Before founding Fisker Automotive, Mr. Fisker was a top design executive for BMW, Ford Motor and Aston Martin. In addition to the Karma, his design credits include the BMW Z8 and the Aston Martin DB9 and V8 Vantage models.
This post has been revised to reflect the following correction:
Correction: March 13, 2013
An earlier version of this post gave the incorrect year for the unveiling of the preproduction version of the Fisker Karma at the Detroit auto show. It was shown in 2008, not 2007.
An earlier version of this post gave the incorrect year for the unveiling of the preproduction version of the Fisker Karma at the Detroit auto show. It was shown in 2008, not 2007.
Just how “revolutionary” you think the just-announced lease option is for the Tesla Model S will depend on a lot of factors, like how much gas costs where you live and whether or not your current car drinks premium or not.
The promised “exciting” news from Tesla Motors is what the company calls a “revolutionary new finance product.” It’s not really a lease, but it is claimed to combine the “best aspects of car leasing and ownership.” As with everything else, Tesla is going its own way here.
There are specific lease payment costs – $1,199 a month for the 85-kWh Model S, $1,421 for the 85-kWh Performance model and $1,051 for the 60-kWh version – but Tesla is putting up invisible asterisks all over the place.
There are specific lease payment costs – $1,199 a month for the 85-kWh Model S, $1,421 for the 85-kWh Performance model and $1,051 for the 60-kWh version – but Tesla is putting up invisible asterisks all over the place. Instead of highlighting those numbers, Tesla’s online calculator talks about the “true cost of ownership.” Tesla factors in the value of your time, cost of gas and EV incentives. We appreciate that there is much more to buying any car than the initial cost, but there is a lot of sunlight between Tesla’s headline-grabbing $500/month cost and what you’ll really pay. “Your net cost of ownership is five-to-six hundred dollars a month,” said Tesla CEO Elon Musk in a conference call announcing the new pricing structure, adding, “As much as possible, I’d like to broaden the affordability of the car.” Musk said he expects around half of the Model S “sales” in the US to be this new lease-like option.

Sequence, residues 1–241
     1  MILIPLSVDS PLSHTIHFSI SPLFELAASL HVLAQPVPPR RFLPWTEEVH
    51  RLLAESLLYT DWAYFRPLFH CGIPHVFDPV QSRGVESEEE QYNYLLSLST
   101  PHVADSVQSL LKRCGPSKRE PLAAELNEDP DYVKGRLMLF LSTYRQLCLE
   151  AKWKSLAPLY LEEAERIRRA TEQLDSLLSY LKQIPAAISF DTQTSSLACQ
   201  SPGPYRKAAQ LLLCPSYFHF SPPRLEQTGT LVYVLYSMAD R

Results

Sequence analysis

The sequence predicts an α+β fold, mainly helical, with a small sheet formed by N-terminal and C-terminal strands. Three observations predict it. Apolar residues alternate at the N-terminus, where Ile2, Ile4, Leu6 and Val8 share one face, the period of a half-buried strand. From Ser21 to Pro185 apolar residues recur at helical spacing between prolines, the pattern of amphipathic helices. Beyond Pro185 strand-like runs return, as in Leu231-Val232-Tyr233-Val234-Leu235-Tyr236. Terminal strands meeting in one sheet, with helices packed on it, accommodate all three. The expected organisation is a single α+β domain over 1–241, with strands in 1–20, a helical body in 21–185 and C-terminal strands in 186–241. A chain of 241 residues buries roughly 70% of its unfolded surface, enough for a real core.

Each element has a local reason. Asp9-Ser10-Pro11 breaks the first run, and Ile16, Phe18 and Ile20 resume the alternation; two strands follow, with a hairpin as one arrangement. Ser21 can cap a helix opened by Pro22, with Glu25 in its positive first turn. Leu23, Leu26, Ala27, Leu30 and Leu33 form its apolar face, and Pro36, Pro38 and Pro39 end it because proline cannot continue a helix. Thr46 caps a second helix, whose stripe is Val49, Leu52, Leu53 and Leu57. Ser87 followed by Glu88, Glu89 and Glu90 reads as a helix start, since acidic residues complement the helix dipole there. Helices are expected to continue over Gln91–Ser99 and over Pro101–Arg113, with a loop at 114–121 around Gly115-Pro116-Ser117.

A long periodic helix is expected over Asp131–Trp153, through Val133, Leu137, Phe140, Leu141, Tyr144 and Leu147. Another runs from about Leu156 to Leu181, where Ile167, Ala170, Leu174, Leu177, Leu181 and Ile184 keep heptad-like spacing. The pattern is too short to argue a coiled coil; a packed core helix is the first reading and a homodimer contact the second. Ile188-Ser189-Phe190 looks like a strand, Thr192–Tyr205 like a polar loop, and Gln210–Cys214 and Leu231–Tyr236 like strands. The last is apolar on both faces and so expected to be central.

I calculated my own numbers for the 85-kWh model and came out with an effective monthly cost of $1,133. Other Autoblog writers calculated theirs, and came up with results between $834 and $688. This makes us think that to hit that $500-a-month level you need to be in the center of a very strange Venn diagram.
In any case, Tesla has done some interesting things here. It worked with Wells Fargo and US Bank to reduce the cost of driving a Model S while also giving drivers the opportunity to own their cars. The banks, if you have good enough credit, will “provide 10% down financing for purchase” and that payment “is covered or more than covered by US Federal and state tax credits ranging from $7,500 to $15,000.” Now, the loan is a 66-month term loan but, after 36 months, “you have the right, but not the obligation to sell your Model S to Tesla for the same residual value percentage as the iconic Mercedes S-Class, one of the finest premium sedans in the world, made by Daimler (also a Tesla partner and investor).”
So, that Tweet about how Musk was putting his money where his mouth is? As Tesla puts it: “Tesla CEO Elon Musk is personally standing behind that guarantee to give customers absolute peace of mind about the value of the asset they are purchasing.”
Related GalleryTesla Model S
NAGOYA, JAPAN — What will Toyota Motor Company get out of its recent minor investment in Tesla Motors? Perhaps an electric vehicle prototype, Toyota President and CEO Akio Toyoda told a group of American reporters Friday. Toyoda expressed enthusiasm for working with a new, Silicon Valley-based high-technology company and said through an interpreter they can “join hands and develop cars, in terms of being a joint-venture.”
Toyoda said his company is “building a prototype EV unit,” but would announce details to the press at a later date. When asked to clarify whether the EV car is a joint venture with Tesla, Toyota Executive Vice President Shinichi Sasaki said there are two Toyota EVs in the works. One car is from Toyota alone and the other is with Tesla. Bottom line is that Toyota will work with Tesla on something. Whether it ever goes public will depend on its engineering success.